Topic: biodiversity

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The Wood Wide Web: How trees secretly talk to and share with each other

Trees secretly talk to each other underground. They're passing information and resources to and from each other through a network of mycorrhizal fungi—mykós means fungus and riza means root in Greek—a mat of long, thi...

Rebuilding the world’s coral reefs with coral farming

Coral are the backbone of the whole tropical ecosystem and if they disappear we’re in a lot of trouble says Ken Nedimyer, founder of the Coral Restoration Foundation. The pseudo-farmer has spent a lot of time in the w...

The Vogelkop Superb Bird-of-Paradise, a new species

The Vogelkop superb bird-of-paradise may look like the Superb Bird-of-Paradise, the hopping black bird with iridescent blue 'eyes' and a 'mouth' in its outspread wings, but the Vogelkop has recently been named as a se...

Collecting some 350 fungi specimens in the Ecuadorian Andes

Of an estimated 3.2 million species of fungi, only some 120,000 are known to science. Most of the undescribed species reside in the tropics. In 2014, myself [Danny Newman] and a fellow mycologist, Roo Vandegrift, coll...

1000s of Bugs, 100 Islands, 1 Happy Entomologist

Community ecologist, biodiversity scientist, and entomologist Crystal Ernst is cataloging insects, spiders, and other tiny creatures for the 100 Islands Project, a multiyear island biogeography study across the Centra...

Scorpions of the Bay Area

"There are absolutely scorpions in the Bay Area, in fact, California is one of the most diverse places on Earth for scorpions. We have somewhere between four and six species of scorpions locally. The good thing is tha...

Beavers: The Smartest Thing in Fur Pants

Beavers have done more to shape North American landscapes than any animal beside humans. We don’t notice them much today because there aren’t many left, but before colonization, North America was home to hundreds of m...

How to wait for a very long time

"How to wait for a very long time is a short film about a fisherman who is obsessed with catching a certain fish. His whole life he tries to make a big haul, but just catches other fishes instead. Over time he gets fr...

Catching butterflies with the longest butterfly net in the world

Travel into the rainforest of Pimpilala, Ecuador with conservation educator and naturalist Phil Torres as he looks for butterflies with Dr. Susan Finkbeiner. As an entomologist and evolutionary biologist, she uses the...

Seagrass: Life in the Underwater Meadows

You dive down into a undersea meadow. Surrounded by blades of seagrass up to a meter tall, you begin to notice the abundant life all around. Schools of baby fish hide within the grassy maze as emerald sea slugs graze ...

Why 10 Daily Tons of Ant Poop Keep This Rainforest Thriving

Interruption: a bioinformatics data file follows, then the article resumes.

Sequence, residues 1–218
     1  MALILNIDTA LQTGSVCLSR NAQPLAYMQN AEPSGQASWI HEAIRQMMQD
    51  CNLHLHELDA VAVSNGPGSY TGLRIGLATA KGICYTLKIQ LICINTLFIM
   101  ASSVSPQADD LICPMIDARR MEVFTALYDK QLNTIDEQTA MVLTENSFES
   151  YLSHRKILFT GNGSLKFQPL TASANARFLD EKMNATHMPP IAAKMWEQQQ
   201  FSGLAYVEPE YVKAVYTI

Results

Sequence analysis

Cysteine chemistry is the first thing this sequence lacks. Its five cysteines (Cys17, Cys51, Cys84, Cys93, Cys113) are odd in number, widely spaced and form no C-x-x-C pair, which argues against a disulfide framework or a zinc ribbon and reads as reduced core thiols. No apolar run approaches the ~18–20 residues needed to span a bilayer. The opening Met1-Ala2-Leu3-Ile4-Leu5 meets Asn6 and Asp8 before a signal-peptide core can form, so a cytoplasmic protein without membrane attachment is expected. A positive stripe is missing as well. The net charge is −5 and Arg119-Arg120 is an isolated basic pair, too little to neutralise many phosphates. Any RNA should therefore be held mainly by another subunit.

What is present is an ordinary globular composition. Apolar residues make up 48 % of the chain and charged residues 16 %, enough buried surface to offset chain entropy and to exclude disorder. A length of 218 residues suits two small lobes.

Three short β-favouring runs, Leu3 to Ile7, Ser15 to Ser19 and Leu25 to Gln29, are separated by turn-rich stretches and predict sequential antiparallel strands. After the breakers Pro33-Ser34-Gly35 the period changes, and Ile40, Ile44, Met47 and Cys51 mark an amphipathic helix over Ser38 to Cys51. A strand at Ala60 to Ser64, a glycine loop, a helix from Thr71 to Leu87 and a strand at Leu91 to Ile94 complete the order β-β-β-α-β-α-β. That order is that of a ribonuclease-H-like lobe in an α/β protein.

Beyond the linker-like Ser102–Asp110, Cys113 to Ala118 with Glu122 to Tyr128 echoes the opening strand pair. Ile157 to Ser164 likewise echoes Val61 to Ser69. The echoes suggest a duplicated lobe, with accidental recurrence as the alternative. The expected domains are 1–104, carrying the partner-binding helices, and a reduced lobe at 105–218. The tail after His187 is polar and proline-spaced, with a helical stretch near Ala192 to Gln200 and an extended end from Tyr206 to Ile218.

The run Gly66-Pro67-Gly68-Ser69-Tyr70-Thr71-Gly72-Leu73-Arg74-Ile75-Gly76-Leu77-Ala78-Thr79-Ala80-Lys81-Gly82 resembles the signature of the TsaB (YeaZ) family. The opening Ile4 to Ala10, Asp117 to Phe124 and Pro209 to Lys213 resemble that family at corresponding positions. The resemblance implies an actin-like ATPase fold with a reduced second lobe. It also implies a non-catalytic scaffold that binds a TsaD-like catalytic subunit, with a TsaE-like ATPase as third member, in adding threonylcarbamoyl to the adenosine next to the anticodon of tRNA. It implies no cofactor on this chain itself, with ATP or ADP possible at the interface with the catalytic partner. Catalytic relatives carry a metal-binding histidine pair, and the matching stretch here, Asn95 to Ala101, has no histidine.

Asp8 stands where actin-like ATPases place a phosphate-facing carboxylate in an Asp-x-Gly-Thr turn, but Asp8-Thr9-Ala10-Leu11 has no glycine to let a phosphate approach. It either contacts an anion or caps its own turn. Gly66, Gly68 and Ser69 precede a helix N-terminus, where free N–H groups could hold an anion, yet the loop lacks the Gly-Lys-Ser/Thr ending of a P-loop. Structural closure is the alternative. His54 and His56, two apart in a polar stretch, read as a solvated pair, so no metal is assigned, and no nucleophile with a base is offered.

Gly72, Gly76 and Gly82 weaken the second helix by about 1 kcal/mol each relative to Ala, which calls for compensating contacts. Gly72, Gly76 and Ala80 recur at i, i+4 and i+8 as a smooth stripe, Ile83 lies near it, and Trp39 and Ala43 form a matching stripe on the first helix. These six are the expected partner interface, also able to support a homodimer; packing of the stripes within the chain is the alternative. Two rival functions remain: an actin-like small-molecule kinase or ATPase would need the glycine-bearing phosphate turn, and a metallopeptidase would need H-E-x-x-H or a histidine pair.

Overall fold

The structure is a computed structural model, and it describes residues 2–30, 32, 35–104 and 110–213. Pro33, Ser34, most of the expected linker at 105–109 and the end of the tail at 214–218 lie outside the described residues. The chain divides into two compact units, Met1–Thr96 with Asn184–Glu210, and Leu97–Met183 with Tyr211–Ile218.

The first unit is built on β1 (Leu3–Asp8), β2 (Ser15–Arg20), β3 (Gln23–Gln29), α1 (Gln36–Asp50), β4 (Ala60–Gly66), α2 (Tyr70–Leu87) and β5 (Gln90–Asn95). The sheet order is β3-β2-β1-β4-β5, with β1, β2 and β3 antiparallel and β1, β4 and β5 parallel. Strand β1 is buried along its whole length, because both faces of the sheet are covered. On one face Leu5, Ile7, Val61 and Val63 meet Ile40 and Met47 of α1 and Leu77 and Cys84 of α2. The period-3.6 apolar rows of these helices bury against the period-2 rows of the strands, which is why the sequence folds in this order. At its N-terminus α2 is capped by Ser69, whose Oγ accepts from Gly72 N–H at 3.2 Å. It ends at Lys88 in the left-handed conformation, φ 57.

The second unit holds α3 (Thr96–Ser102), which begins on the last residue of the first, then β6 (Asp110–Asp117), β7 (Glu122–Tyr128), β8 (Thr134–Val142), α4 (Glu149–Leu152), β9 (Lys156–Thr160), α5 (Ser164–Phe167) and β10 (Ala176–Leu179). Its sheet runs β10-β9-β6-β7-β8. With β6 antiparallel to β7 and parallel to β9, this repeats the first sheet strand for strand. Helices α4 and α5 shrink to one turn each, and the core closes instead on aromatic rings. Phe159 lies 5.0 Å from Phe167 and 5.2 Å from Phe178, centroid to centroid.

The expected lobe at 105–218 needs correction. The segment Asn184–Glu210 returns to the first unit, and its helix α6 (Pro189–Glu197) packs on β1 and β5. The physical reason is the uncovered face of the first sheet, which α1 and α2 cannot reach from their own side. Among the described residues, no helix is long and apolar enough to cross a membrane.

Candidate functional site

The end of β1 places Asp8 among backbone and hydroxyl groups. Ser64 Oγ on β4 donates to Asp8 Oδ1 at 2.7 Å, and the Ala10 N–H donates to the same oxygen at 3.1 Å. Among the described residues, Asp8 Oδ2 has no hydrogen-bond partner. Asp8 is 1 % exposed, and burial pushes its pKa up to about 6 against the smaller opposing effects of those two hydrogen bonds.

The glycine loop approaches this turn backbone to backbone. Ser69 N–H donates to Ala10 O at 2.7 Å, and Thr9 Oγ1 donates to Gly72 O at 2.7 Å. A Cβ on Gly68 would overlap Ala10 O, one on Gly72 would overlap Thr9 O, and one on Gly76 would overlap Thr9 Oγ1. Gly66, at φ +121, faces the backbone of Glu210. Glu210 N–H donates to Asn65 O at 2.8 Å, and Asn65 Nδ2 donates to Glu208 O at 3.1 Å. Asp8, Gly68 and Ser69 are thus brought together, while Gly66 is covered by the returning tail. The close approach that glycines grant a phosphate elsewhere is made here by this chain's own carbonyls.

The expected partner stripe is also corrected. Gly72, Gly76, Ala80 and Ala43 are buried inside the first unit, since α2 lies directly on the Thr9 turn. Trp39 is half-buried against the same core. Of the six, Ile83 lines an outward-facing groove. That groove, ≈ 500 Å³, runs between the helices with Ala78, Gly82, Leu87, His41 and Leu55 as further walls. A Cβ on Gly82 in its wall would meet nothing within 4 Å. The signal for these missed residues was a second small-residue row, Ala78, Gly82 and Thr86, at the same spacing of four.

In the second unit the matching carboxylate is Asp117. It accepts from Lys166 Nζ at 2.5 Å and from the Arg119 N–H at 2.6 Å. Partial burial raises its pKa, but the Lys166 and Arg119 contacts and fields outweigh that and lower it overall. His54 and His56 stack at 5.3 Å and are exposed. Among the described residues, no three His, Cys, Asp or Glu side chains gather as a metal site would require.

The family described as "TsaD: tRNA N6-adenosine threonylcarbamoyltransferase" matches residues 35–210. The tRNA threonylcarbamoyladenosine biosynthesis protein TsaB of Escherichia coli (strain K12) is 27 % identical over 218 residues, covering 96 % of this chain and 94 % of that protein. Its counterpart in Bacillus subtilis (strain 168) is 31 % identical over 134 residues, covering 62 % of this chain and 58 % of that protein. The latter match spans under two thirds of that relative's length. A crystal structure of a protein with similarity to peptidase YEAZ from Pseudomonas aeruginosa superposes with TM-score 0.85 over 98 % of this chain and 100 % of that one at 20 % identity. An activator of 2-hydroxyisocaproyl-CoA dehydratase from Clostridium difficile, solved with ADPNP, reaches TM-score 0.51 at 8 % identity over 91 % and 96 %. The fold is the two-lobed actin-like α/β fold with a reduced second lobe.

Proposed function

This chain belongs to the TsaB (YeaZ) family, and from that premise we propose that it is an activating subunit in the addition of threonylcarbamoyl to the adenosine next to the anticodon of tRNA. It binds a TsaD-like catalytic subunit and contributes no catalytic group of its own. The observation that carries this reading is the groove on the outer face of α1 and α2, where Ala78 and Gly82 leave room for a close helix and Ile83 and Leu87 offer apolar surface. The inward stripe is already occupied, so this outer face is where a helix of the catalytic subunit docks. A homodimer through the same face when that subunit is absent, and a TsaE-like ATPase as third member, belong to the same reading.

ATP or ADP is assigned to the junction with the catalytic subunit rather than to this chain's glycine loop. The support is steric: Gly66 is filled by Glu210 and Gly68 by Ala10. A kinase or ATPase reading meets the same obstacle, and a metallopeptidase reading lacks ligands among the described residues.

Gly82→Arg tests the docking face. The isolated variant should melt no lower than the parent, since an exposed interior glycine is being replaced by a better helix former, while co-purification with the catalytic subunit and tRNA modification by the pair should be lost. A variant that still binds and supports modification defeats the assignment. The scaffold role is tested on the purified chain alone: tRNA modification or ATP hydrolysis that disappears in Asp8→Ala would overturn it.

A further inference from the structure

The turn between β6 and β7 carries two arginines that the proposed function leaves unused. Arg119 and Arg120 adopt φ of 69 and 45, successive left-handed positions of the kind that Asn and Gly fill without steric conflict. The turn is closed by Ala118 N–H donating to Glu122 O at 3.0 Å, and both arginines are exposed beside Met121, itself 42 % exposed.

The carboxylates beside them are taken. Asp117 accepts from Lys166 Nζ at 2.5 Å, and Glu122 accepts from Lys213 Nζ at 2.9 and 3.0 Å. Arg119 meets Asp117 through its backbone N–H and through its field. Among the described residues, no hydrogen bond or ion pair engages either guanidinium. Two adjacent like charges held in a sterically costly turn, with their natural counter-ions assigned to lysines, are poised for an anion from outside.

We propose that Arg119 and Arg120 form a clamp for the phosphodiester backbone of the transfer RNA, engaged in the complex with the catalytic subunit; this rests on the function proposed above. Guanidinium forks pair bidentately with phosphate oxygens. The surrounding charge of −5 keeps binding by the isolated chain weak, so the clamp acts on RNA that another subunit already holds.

High up in the rainforest canopy of Panama's Barro Colorado Island, there are ants everywhere. Azteca ants—one kind of 30 different ant species that might be in a given tree—stand out because of their epic, 9 foot (2....

Beauty and the Feast: When Herring Come to Spawn

Every spring, nature puts on a breathtaking display on the British Columbia coast. The waters turn milky white as millions of male herring release sperm, while the female fish lay billions of pinhead-sized eggs. Both ...

Under The Dock, a marine life series by Hakai Institute

Described as a fearsome predator on the British Columbia coast, sunflower sea stars "can grow to a diameter of one meter, and have a voracious appetite for all sorts of animals on the rocky reef." From Hakai Institute...

Predators Attack Fish Bait Ball – Blue Planet

A bait ball of frenzied anchoveta swarm in their tightly packed sphere and tornado formations to better protect themselves against the larger bonito and yellow fin tuna that are swimming nearby. The predators are hung...

Glowing, blooming fungi in time lapse – Planet Earth II

Fungi, unlike plants, thrive in the darkness of the forest floor. They're hidden, until they begin to develop the incredible structures with which they reproduce. Each releases millions of microscopic spores that drif...

The Fungi in Your Future: Mushroom leather, furniture, and more

Mushrooms come in a wide variety of species, they recycle dead plants which helps to create nutrient soil, and they can be turned into food, furniture, packaging, leather, and more. Enter MycoWorks, a team of engineer...

Why are there so many types of apples?

Gala, Braeburn, Fuji, SweeTango, SnapDragon, Golden Delicious, Cosmic Crisp... there are over 7,500 known cultivars—varieties produced by selectively breeding desirable characteristics—of the apple. How are there that...

The Lychen Katydid camouflages

Wildlife photographer David Weiller captured this video in Costa Rica, Cartago Province. The insect is a Lychen Katydid (Markia hystrix), camouflaging itself with color and texture along the lichen it's named after. ...

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